It’s good to be the Fed

Before the recession, the Fed typically earned a profit of about $30 billion per year. After the Great Recession, their profits rose to the $70 to $80 billion range, as their balance sheet expanded.

There was a time where the Fed actually was reluctant to engage in monetary stimulus out of fear that they would take on excessive risk.  I thought those fears were completely nuts, for several reasons.  They weren’t likely to absorb particularly large losses, and even if they did they didn’t really need enough bonds to back up the monetary base, only the share held as bank reserves.  And most importantly, the Fed is essentially part of the Federal government, so when the Fed sees its assets fall due to a decline in T-bond prices, the Treasury gains a precisely equal reduction in their liabilities.  It’s a wash.

Don’t believe me that the Fed is part of the Federal government?  Where do you think all those profits go?

Here’s the latest profit report, and it’s a blockbuster:

According to figures released Friday, the Fed reported net income of $101.3 billion. That’s an increase of nearly 30% from 2013.

But the Fed sends nearly all of its profits to the Treasury. Last year, that amounted to $96.9 billion. The Fed said this was a record.

Commenter “Negation of Ideology,” who sent me this article, added this information:

Also, out of a balance sheet of $4.5 Trillion, $800 Billion will be maturing in the next two years.  Sounds to me that those who are worried about the Fed being unable to unwind and being forced to sell bonds at a loss are worried about nothing.

And $1.35 trillion of the Fed’s “liabilities” are zero interest cash.  I can’t believe people were seriously worried about the Fed’s balance sheet, and that this might have even inhibited monetary stimulus.  The Fed had similar fears in the 1930s, which were far more justified, but even those fears are widely ridiculed by modern economic historians.  Imagine what future monetary historians will think when they pour over the FOMC minutes for 2010, 2011 and 2012.

Everyone should pray each night that interest rates soon soar up to levels that put the Fed balance sheet under stress.  That would imply we get back to the sort of healthy economy that we had in the 1990s.  Unfortunately, that’s just a pipe dream.

By the way, does anyone know why the Fed has decided to raise rates before unwinding the balance sheet.  Logically you’d expect last in, first out.  They cut rates, then did QE; so why not unwind the QE, then raise rates?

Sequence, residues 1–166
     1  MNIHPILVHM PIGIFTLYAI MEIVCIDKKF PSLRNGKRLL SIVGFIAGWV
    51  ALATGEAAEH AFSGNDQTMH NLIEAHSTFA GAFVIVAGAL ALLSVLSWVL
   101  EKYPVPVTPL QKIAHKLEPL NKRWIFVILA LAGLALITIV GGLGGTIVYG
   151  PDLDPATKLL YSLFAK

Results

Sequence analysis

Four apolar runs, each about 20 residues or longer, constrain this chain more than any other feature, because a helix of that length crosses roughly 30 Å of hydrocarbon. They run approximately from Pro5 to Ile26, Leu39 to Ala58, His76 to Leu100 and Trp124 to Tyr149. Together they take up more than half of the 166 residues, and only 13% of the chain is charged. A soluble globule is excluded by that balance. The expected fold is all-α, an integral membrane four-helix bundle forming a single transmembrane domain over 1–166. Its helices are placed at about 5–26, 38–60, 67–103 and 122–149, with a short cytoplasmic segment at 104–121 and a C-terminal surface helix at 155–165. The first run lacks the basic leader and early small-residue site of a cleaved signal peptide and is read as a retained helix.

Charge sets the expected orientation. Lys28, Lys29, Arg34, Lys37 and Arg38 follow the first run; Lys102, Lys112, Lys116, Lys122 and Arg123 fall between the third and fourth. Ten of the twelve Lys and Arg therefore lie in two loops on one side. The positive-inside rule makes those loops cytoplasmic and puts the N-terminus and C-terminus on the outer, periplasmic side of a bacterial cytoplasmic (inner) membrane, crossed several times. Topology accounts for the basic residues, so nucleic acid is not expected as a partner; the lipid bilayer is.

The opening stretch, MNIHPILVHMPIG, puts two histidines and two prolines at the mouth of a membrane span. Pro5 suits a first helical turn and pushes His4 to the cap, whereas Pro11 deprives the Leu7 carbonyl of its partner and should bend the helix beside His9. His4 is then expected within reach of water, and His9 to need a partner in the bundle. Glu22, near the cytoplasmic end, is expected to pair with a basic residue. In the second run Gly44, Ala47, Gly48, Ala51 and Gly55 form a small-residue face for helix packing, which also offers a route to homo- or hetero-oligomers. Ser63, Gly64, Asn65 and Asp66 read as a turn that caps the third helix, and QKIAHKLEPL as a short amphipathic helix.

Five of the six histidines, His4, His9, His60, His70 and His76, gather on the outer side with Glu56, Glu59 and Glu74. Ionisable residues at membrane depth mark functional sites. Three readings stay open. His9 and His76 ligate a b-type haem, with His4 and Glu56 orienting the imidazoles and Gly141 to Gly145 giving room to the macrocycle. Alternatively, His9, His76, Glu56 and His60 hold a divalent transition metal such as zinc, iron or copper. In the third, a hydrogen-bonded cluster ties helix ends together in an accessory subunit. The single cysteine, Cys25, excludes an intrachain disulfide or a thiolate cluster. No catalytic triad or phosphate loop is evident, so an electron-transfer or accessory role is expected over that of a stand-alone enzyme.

Tim Worstall is just as confused as I am.



64 Responses to “It’s good to be the Fed”

  1. Gravatar of Joseph S Joseph S
    20. March 2015 at 18:01

    It’s interesting too that the Fed believes that the current stock of assets is depressing ten year term premia by 110 basis points and the effect will continue into the next decade, which is a rather large effect to allow to hang around while raising over night rates. I pulled that figure from Vice Chair Fischer’s speech at the end of February on policy normalization, and the accompanying figure, both of which I linked to below.

  2. Gravatar of foosion foosion
    20. March 2015 at 18:37

    Why should an entity which can create an unlimited amount of money be worried about its balance sheet?

  3. Gravatar of Kevin Erdmann Kevin Erdmann
    20. March 2015 at 19:03

    It seems to me that they are keeping the excess reserves because they want to adjust monetary policy with the IOR rate instead of the Fed Funds rate. I really don’t understand that. At least, when they were using the FFR target, they had direct control over the quantity of purchases that were required to get there, and they could tactically miss their rate target if it would mean creating too much change in the asset base. But, now, they will change the IOR rate, and it will be up to the banks to decide how to react to that, in terms of the quantity of reserves they move to. So, it seems to me that this adds one more level of uncertainty between the Fed and the actual money supply.

    Am I wrong about this?

  4. Gravatar of Britonomist Britonomist
    20. March 2015 at 19:08

    Kevin, I think an IOR rate hike would still have the same effect as a fed funds rate hike: why would banks lend to each other at a rate lower than they can get on their reserves at the central bank?